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THE FESTAL HOUR.
WHEN are the lessons given
When are proud sceptres riven,
Fear ye the festal hour!
When through the regal bower
The marble shrines were crown'd:
And censers waved around ;
Through Rome a triumph pass'd.
With shout and trumpet-blast.
And many a Dryad's bower
As a quick-flashing shower.
A sound of lyre and song,
Swept with that voice along;
* The sword of Harmodius.
† Paulus Æmilius, one of whose sons died a few days before, and another shortly after, his triumph on the conquest of Macedon, when Perseus, king of that country, was led in chains.
And lamps were shining o'er the red wine's foam
'Twas Antony that bade
Sounds, by no mortal made,*
Bright 'midst its vineyards lay
Clear in the golden day;
A cloud came o'er the face
Of night, o'ershadowing space,
Such things have been of yore,
On the grape-clusters pour ;
Turn we to other climes !
And ancient battle-rhymes
* See the description given by Plutarch, in his life of Antony, of the supernatural sounds heard in the streets of Alexandria, the night before Antony's death.
† Herculaneum, of which it is related, that all the inhabitants were assembled in the theatres, when the shower of ashes which covered the city descended.
Stonehenge, said by some traditions to have been erected to the memory of Ambrosius, an early British king; and by others mentioned as a monumental record of the massacre of British chiefs here allu to.
But ere the giant-fane
O’er that old burial-plain
For they return'd no more!
And, on the rushy floor,
the festal hour!
And the rich myrtle's flower
Twine the young glowing wreath!
Like summer's quickening breath!
SONG OF THE BATTLE OF MORGARTEN
p" In the year 1315, Switzerland was invaded by Duke Leopold of
Austria, with a formidable army. It is well attested that this prince repeatedly declared he would trample the audacious rustics under his feet;' and that he had procured a large stock of cordage, for the purpose of binding their chiefs, and putting them to death.
“The 15th of October, 1315, dawned. The sun darted its first rays on the shields and armor of the advancing host; and this being the first army ever known to have attempted the frontiers of the cantons, the Swiss viewed its long line with various emotions. Montfort de Tettnang led the cavalry into the narrow pass, and soon filled the whole space between the mountain (Mount Sattel) and the lake. The fifty men on the eminence (above Morgarten
raised a sudden shout, and rolled down heaps of rocks and stones among the crowded ranks. The confederates on the mountain, perceiving the impression made by this attack, rushed down in close array, and sell upon the flank of the disordered column. With massy clubs they dashed in pieces the armor of the enemy, and dealt their blows and thursts with long pikes. The narrowness of the defile admitted of no evolutions, and a slight frost having injured the road, the horses were impeded in all their motions ; many leaped into the lake; all were startled; and at last the whole column gave way, and fell snddenly back on the infantry; and these last, as the nature of the country did not allow them to open their files, were run over by the fugitives, and many of them trampled to death. A general route ensued, and Duke Leopold was, with much difficulty, rescued by a peasant, who led him to Winterthur, where the historian of the times saw him arrive in the evening, pale, sullen, and dismayed."-PLANTA's History of the Helvetic Confederacy.)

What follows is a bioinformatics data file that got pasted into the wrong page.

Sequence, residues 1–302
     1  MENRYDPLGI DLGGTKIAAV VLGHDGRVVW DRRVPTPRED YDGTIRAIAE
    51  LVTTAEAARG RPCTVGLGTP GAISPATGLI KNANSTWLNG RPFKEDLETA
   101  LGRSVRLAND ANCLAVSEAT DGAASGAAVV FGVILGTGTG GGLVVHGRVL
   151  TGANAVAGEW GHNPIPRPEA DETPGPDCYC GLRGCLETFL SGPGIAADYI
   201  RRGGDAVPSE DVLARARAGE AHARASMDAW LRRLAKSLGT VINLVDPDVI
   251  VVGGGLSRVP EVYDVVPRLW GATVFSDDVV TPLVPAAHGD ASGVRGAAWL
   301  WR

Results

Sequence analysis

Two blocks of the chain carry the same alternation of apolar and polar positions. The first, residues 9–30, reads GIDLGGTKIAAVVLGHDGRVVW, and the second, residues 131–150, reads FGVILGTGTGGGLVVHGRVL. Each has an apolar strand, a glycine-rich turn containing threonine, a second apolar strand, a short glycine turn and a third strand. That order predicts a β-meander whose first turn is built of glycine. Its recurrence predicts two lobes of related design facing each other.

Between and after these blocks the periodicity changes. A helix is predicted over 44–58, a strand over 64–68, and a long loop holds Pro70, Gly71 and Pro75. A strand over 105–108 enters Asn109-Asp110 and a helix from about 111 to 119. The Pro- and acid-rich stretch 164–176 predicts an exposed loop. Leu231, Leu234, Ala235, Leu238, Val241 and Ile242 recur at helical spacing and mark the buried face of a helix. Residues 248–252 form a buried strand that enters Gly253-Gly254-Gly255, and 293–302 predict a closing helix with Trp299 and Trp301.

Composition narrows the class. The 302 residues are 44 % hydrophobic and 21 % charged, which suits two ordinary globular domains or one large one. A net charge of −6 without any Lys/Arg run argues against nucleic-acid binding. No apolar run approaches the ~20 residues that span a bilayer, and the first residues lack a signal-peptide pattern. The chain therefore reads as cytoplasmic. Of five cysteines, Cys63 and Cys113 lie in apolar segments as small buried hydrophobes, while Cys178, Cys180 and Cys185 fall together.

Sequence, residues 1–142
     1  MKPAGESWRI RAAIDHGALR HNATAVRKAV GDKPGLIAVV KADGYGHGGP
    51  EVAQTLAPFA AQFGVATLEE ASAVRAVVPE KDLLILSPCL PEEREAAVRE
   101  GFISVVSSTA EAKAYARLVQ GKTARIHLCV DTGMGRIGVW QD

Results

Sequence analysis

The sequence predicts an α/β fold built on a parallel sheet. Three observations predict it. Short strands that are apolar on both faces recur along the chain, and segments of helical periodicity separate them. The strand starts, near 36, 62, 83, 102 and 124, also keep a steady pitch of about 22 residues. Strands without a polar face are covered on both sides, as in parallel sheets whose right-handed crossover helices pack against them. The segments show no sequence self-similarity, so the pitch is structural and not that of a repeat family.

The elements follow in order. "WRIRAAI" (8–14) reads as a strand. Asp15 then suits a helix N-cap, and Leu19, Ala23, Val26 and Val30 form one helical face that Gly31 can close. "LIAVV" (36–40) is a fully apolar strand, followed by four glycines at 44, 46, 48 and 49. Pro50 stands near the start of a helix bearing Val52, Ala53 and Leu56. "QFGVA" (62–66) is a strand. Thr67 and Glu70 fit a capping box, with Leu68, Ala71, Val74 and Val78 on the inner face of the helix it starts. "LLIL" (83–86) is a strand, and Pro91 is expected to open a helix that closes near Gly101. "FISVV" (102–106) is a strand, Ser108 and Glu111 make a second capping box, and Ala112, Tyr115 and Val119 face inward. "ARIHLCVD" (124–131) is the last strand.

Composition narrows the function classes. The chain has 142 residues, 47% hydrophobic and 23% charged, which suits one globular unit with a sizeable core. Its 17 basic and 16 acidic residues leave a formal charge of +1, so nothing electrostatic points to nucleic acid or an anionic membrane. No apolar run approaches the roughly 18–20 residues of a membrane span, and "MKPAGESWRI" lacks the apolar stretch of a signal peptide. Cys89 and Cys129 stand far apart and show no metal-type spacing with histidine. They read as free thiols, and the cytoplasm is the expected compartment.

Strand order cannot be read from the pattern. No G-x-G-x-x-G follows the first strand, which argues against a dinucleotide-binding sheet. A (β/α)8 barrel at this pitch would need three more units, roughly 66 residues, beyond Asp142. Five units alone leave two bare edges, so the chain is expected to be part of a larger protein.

THE wine-month* shone in its golden prime,
And the red grapes clustering hung,
A sound, through vaulted cave,
A sound, through echoing glen,
-'Twas the tread of steel-girt men.
'Midst the ancient rocks was blown, Till the Alps replied to that voice of war With a thousand of their own.
And through the forest-glooms
Flash'd helmets to the day,
Like the larch-boughs in their play.
As the host of the Austrian pass'd;
Up’midst the Righi’sy snows,
The stormy march was heard,
And the leader's gathering word.
Through the rude Morgarten strait, With blazon'd streamers, and lances tall,
Moved onwards in princely state,
* Wine-month, the German name for October.
Hasli, a wild district in the canton of Berne. # Schreckhorn, the peak of terror, a mountain in the canton of Berne. Righi, a mountain in the canton of Schwytz.
They came with heavy chains,
For the race despised so long-
The herdsman's arm is strong!
When they enter'd the rock-defile,
But on the misty height,
Where the mountain-people stood, There was stillness, as of night,
When storms at distance brood.
And a pause--but not of fear,
On wound those columns bright
Between the lake and wood,
Where the mountain-people stood.
All helm'd and mail-array'd,
There were prince and crested knight,
Hemm'd in by cliff and flood,
Where the mountain-people stood.
Their startled foes among,
They came like lauwine* hurld
From Alp to Alp in play,
And the pines are borne away.
And the Switzers rush'd from high,
Like hunters of the deer,
They storm'd the narrow dell,
Was the arm of William Tell.
t William Tell's name is particularly mentioned amongst the confederates at Morgarten.